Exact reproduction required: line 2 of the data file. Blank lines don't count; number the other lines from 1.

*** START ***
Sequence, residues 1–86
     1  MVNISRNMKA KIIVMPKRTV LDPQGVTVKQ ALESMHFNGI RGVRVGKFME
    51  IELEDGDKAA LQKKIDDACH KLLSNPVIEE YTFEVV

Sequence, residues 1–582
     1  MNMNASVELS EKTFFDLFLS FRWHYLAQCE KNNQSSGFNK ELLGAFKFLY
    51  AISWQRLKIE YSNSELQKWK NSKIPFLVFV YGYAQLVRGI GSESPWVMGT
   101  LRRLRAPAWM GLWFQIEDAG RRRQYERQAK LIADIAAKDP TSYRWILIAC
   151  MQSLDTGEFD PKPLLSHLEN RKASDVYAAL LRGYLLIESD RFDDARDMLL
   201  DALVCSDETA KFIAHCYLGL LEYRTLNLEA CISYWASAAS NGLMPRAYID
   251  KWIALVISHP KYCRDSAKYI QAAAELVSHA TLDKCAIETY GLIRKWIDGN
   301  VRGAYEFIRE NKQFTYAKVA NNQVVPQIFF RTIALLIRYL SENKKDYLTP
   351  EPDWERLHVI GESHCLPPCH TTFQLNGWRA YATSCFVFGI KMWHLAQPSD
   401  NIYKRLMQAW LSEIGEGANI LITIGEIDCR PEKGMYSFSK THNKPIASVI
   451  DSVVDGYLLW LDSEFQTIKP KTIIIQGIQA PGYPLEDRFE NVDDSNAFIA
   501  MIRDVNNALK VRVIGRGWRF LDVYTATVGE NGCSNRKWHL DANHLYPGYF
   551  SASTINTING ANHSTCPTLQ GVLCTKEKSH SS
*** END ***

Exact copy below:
     1  MVNISRNMKA KIIVMPKRTV LDPQGVTVKQ ALESMHFNGI RGVRVGKFME